In 1935, as part of the federal purchasing program for public lands, the Florida Board of Forestry was authorized to manage state forests and parks across Florida. These state forests were the outcome of a federal work program called the Civilian Conservation Corps (CCC). The mission of the CCC was to put young men to work in conservation jobs during the time of the Great Depression. Purchased in 1936, the first state forest was Pine Log State Forest established in Bay County. Shortly after, Cary State Forest was purchased which spans parts of Nassau and Duval counties. In the late 1950’s and early 1960’s Blackwater River State Forest in Santa Rosa and Okaloosa counties and Withlacoochee State Forest in Hernando County were added. These four state forests comprised the Florida state forest system until the late 1970’s.
In the late 1970s, Florida began aggressively purchasing land for future generations from which many state forests were created. The focus on land management shifted from simply management of timber and wildlife resources to a multiple land use management ethic which includes conservation of natural and cultural resources, wildlife management, and protection of water resources while providing opportunities for outdoor recreation to the public.
Since its humble beginnings in 1936 of one state forest with 6,000 acres, Florida ’s state forest system has grown to include 37 State Forests and the management of over one million acres of forest lands.
State Forest Timeline
July 1, 1936 – June 30, 1938
The Fifth Biennial Report of the Florida Forest and Park Service stated, “Those wild lands suitable for timber production and lacking unusual scenic, historical, or botanical qualities, or not highly adaptable to active recreation, are best suited for the practice of forestry.
Briefly, wild land should be devoted to its highest uses. If it is best suited for park purposes it should be developed and used accordingly, provided there is public or social need for such uses in any given area because of the proximity to population centers, tourist traffic, or danger of destruction to unusual botanical, historic, or physiographic features.” This philosophy guided assignment of property to either park or forest management.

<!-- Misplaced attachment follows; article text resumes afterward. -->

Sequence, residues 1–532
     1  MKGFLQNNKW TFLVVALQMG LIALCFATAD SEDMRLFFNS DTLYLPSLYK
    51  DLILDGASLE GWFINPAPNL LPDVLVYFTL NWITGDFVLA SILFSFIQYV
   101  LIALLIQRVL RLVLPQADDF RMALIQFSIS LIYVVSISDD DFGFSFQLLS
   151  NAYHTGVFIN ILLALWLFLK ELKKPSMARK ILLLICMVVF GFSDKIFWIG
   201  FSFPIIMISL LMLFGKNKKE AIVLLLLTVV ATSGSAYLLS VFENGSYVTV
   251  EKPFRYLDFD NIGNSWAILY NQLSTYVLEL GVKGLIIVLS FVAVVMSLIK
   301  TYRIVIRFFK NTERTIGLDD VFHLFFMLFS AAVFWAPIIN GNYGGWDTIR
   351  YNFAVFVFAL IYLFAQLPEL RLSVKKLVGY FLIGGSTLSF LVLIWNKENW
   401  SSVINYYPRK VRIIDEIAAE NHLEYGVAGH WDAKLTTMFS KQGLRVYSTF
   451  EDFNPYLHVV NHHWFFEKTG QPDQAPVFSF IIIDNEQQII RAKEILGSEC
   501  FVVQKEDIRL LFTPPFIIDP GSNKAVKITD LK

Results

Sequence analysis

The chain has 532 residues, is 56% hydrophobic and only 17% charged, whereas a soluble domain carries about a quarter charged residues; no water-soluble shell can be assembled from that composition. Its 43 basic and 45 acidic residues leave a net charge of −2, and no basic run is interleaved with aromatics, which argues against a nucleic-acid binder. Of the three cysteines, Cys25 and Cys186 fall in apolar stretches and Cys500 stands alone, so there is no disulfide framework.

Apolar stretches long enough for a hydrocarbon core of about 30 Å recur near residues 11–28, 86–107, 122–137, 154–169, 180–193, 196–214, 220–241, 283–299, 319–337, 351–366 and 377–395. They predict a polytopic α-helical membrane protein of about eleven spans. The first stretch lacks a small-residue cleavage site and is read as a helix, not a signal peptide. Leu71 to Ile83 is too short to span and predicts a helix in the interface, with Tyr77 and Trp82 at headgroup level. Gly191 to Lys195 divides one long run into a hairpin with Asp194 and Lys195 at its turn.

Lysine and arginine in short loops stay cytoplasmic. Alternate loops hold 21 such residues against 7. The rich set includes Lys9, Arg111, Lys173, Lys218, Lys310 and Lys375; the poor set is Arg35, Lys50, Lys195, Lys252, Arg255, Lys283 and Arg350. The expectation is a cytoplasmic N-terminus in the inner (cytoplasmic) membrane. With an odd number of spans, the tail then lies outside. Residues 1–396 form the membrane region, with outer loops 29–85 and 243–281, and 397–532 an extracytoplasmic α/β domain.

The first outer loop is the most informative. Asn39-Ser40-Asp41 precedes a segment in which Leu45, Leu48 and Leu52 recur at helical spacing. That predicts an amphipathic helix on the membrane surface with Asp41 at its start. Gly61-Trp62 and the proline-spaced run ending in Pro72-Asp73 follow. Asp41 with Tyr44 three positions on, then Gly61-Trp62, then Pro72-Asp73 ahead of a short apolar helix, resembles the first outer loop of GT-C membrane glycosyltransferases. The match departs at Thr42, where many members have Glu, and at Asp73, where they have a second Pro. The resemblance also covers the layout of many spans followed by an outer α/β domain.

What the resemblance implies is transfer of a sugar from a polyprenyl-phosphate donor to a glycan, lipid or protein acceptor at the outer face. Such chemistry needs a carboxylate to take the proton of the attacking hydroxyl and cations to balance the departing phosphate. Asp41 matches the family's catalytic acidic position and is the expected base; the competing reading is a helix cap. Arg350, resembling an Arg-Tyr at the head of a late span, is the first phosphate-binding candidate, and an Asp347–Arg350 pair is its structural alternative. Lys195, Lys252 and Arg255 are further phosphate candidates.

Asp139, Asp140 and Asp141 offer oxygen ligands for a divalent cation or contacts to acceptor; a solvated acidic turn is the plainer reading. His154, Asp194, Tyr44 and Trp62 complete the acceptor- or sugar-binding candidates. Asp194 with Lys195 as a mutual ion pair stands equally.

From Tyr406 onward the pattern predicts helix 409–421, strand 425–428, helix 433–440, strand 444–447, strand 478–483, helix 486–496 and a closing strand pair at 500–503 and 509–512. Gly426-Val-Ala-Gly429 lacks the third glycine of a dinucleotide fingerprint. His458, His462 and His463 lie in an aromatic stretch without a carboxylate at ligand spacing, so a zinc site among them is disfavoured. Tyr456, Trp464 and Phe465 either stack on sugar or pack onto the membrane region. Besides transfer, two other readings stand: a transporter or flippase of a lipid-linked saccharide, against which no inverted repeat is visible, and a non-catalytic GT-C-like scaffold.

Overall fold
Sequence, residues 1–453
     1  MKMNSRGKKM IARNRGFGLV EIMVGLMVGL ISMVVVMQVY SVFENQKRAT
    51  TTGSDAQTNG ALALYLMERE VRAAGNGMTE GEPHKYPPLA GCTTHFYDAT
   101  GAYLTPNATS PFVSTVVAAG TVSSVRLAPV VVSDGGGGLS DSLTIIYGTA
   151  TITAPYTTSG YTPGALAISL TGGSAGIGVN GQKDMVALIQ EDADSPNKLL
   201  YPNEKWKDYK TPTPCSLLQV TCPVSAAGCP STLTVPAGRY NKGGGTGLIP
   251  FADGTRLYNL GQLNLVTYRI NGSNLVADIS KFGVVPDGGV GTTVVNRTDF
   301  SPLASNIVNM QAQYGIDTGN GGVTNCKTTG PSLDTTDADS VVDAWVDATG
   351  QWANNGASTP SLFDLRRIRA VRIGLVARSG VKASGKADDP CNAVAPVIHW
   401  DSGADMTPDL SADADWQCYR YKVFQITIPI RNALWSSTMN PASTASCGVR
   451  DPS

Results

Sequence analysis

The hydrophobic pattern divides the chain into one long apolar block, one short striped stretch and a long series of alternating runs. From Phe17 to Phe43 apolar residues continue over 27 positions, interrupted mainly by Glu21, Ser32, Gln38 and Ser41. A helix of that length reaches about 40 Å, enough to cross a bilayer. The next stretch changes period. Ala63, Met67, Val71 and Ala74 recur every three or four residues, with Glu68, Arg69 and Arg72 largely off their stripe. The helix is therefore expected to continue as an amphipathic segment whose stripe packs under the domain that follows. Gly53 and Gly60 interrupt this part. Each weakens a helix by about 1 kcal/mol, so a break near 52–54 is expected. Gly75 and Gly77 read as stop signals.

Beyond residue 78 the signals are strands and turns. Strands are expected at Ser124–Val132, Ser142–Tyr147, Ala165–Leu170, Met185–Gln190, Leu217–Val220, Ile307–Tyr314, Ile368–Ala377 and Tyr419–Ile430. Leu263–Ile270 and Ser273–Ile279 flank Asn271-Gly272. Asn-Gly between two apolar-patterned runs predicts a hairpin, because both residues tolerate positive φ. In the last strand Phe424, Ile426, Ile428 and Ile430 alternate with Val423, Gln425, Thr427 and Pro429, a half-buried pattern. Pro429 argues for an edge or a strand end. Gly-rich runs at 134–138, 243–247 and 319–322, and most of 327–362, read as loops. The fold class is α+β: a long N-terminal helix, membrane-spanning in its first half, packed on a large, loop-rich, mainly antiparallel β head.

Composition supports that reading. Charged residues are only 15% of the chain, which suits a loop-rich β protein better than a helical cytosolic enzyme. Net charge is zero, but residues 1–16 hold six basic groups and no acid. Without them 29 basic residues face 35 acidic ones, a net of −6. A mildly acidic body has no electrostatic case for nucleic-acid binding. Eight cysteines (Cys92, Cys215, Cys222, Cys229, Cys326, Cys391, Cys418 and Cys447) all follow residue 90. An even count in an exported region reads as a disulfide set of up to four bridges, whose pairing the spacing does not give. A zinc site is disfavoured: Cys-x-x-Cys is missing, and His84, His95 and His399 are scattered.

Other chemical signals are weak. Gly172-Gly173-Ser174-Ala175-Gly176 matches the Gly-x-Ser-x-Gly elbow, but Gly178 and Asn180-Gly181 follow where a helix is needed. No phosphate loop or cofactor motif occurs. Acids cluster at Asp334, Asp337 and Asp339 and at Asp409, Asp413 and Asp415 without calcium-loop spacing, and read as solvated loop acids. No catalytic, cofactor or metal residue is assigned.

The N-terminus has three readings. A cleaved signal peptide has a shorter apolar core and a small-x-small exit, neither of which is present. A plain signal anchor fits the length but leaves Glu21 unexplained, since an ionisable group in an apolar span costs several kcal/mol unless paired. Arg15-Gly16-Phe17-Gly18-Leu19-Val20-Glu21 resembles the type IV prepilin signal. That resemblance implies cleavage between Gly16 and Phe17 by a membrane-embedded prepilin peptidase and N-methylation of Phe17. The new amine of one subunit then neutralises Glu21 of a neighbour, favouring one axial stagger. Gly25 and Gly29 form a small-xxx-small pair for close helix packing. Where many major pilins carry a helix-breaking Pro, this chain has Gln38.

Pine Log State Forest was established in Bay and Washington Counties with a total of 6,960 acres.
Cary State Forest was established in Nassau and Duval Counties with a total of 3,413 acres. Cary State Forest was named after Dr. Austin Cary, who is known as the "Father of Forestry" in Florida.
Blackwater River State Forest was established through a cooperative and license agreement with the United States Department of Agriculture and the Florida Board of Forestry. The agreement was for a period of fifty years on 181,822 acres located in Santa Rosa and Okaloosa Counties.
Blackwater River State Forest was deeded by the United States Department of Agriculture to the Florida Board of Forestry.
Withlacoochee State Forest was established through a 25 year lease-purchase agreement from the United State Department of Agriculture. Withlacoochee State Forest consisted of six different tracts of land totaling 157,315 acres located in Citrus, Hernando, Sumter, Pasco, and Lake Counties. Final payment was made in 1982 and the title was transferred to the State of Florida in 1983.
Governmental Reorganization Act of 1969 transferred the programs, activities, functions, and responsibilities of the Board of Forestry to the Florida Department of Agriculture and Consumer Services. The functions of the Board were assigned to the Florida Forest Service within the Department of Agriculture and Consumer Services. The Board of Forestry was renamed to the Forestry Advisory Council and its powers changed from policy making to advisory to the Director of the Florida Forest Service and the Commissioner of Agriculture.
1987 – 2009
The Conservation and Recreation Land (CARL) Trust Fund (established in 1979) and the Florida Preservation 2000 Fund (established in 1990) made possible the purchase of additional public lands. Almost every year during this time period, additional lands were purchased, bringing the number of state forests to 35. Included in these purchases was Florida's State Forests 1 Millionth Acre, part of an additional parcel of land to Cary State Forest, purchased in 2006. These purchases also made over half of Florida's 67 counties have a state forest within them.
The 75th Anniversary of Florida's State Forests. Over one million visitors annually enjoy the space, solitude, and self-reliance of Florida's State Forests through OHV riding, hunting, fishing, camping, paddling, hiking, biking, horseback riding, geocaching, swimming, picnicking, and leisure driving. There are endless educational opportunities for visitors of all ages.